The Department of Justice’s Deputy Attorney General, Rod Rosenstein, has announced a sweeping indictment of 13 Russian citizens, and several corporate entities they’re connected to, as part of an attempt to interfere in U.S. elections, at least as far back as 2014 and including the 2016 presidential race. The accusations against the defendants include the following: (1) They operated fake Facebook pages; (2) They committed identity theft for the purposes of electoral interference; (3) They entered the U.S. on false pretenses; (4) They contacted the Trump campaign without revealing their connections to a hostile power; (5) They tried to stage rallies, discourage people from voting, and laundered money through U.S. banks.
All of this was done under the auspices of the blandly named “Internet Research Agency.” And this isn’t the first time the Internet Research Agency has been embroiled in international affairs. Here’s what you need to know about Russia’s social media propaganda operation:
- The Internet Research Agency was first discovered in 2013: Located in St. Petersburg’s Olgino district, the Internet Research Agency was first uncovered by Russian journalists in 2013. It’s not Russia’s only trolling and propaganda operation on the internet, but it became so synonymous with Russian propaganda operations that even those located elsewhere are called “trolls from Olgino.”
- The company was founded in 2013, but it’s likely the operations date from well before that: Russia has been interested in, and afraid of, the power of social media for years. Blogging platform LiveJournal was bought out by Russian interests, in part to find and shut down citizen journalists tracking corruption and government misbehavior. In 2015, CNN reported the group had over 1000 employees engaged in operations around the world.
- Russia has been attacking other countries for years: For example, Finnish journalist Jessikka Aro, who reported on Russian trolling operations, took the full brunt of the group’s wrath when she revealed their attempted interference in Finland’s elections.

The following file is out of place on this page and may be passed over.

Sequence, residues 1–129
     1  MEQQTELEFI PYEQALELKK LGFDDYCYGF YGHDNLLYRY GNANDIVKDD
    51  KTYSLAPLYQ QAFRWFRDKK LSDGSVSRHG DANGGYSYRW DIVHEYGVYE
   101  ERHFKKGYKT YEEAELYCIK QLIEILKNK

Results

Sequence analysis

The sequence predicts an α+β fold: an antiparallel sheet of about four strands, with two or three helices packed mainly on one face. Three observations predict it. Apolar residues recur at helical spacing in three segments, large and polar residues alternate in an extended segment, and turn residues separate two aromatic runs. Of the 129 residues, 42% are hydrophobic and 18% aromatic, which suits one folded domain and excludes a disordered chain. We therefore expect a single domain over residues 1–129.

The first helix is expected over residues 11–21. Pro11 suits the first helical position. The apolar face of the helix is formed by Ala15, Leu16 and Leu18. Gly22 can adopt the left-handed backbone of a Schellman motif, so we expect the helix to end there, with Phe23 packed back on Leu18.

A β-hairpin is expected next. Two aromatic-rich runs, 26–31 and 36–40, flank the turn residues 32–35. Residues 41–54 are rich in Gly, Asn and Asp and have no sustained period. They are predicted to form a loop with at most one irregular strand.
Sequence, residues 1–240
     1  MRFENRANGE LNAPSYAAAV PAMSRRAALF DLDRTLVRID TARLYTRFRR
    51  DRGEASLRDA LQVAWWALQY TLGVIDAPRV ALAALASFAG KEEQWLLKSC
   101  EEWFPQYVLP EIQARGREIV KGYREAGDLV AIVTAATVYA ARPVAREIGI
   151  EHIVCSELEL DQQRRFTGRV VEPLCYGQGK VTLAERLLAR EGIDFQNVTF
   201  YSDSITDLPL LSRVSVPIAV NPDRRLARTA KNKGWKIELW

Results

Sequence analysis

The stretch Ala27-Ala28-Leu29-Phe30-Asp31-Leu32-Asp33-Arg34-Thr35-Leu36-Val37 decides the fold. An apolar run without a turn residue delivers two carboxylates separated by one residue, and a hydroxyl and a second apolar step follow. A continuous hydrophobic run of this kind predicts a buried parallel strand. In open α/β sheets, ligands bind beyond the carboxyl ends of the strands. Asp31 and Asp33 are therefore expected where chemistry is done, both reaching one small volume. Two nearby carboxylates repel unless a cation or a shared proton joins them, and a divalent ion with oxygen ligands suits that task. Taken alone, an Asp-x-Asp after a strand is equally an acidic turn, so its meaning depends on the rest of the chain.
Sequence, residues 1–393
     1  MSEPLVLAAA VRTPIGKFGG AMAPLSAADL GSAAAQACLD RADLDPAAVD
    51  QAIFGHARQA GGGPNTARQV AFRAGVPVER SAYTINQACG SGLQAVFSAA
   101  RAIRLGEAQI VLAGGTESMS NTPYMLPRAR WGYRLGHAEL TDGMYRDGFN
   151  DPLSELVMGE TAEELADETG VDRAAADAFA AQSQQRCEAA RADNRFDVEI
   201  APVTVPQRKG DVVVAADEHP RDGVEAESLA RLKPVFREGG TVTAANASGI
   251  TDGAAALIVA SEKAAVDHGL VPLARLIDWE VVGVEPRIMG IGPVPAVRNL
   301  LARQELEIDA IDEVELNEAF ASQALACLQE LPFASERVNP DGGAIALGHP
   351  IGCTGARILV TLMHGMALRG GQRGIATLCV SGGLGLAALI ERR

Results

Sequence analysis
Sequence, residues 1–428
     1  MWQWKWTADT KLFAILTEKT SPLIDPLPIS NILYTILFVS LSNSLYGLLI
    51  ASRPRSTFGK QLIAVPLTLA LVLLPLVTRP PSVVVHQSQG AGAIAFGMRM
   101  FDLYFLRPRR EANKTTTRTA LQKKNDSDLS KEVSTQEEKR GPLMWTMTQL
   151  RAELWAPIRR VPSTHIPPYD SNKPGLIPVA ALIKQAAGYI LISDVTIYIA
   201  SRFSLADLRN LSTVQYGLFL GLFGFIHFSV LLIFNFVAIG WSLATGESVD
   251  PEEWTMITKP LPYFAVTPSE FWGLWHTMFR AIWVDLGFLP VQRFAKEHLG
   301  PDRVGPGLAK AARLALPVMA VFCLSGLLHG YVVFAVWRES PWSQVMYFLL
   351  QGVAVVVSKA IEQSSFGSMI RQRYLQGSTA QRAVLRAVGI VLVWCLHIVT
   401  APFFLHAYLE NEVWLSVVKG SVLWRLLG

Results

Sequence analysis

- The indictments are a laundry list of the troll group’s standard operating procedure: The indictment, which states the Russians were actively supporting the Trump campaign, includes everything from attempts to stage rallies using false identities to buying ads on Facebook to inflame social divisions. The group both concocted identities and stole identities from Americans in order to contact political groups, and started Facebook pages to troll voters. They also bizarrely attempted to hire an actor portraying Hillary Clinton in a cage and hired an American to stand in front of the White House with a sign to wish their owner, Evgeny Prigozhin, a happy birthday.
- Substantial financial crimes are alleged: The indicted Russians both opened accounts under false names and stole identities to transfer funds through PayPal, traditional banking channels, and by buying and selling cryptocurrency. They even sold promo spots on their Facebook pages to unwitting Americans.
These indictments leave the Trump administration in an awkward position. Nobody in the administration is charged with knowingly engaging in wrongdoing, but the indictment makes it very clear that all of these operations were done with the goal of electing Trump to the White House. It’s also clear that a range of Americans will need to look closely at their statements and actions to see if they fell for Russian propaganda. And, most glaringly, it leaves egg on the Trump administration’s face over its refusal to enforce stricter Russian sanctions.
As for the Russians themselves, it’s not clear if they will ever see the inside of an American courtroom. But the message is very clear: Any time spent in the shadows is truly done.
(Via Department of Justice)